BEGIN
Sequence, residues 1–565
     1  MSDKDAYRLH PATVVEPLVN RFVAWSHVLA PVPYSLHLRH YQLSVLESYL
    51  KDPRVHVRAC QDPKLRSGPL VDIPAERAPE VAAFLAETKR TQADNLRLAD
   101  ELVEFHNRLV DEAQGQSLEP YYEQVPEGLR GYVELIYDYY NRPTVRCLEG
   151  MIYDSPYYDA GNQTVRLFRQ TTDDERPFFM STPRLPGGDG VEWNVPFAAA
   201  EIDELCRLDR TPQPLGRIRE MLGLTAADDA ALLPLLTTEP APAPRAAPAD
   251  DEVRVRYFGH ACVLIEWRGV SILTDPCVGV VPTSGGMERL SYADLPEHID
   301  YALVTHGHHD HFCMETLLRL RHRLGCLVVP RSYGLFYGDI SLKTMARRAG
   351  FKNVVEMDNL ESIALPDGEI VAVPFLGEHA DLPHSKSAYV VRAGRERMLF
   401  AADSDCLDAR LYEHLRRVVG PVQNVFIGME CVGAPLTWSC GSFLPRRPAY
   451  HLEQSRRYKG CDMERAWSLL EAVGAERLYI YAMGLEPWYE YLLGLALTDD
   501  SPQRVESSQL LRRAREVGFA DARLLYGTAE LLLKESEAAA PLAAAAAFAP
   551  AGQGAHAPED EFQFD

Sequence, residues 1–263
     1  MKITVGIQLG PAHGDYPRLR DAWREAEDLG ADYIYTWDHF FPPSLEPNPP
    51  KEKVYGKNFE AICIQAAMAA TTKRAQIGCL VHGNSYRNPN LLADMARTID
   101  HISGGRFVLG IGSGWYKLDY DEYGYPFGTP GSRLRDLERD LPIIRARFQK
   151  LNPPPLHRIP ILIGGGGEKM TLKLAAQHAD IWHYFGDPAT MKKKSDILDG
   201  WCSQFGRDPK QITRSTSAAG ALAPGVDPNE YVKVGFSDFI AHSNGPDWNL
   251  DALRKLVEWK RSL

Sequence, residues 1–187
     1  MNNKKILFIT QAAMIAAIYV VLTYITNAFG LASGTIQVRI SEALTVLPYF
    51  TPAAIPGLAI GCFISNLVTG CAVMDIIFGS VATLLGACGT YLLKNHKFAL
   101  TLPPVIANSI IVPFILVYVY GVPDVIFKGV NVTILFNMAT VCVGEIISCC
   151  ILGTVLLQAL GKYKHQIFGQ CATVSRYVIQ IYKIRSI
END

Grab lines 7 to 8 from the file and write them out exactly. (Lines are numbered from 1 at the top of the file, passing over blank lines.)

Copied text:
   251  DEVRVRYFGH ACVLIEWRGV SILTDPCVGV VPTSGGMERL SYADLPEHID
   301  YALVTHGHHD HFCMETLLRL RHRLGCLVVP RSYGLFYGDI SLKTMARRAG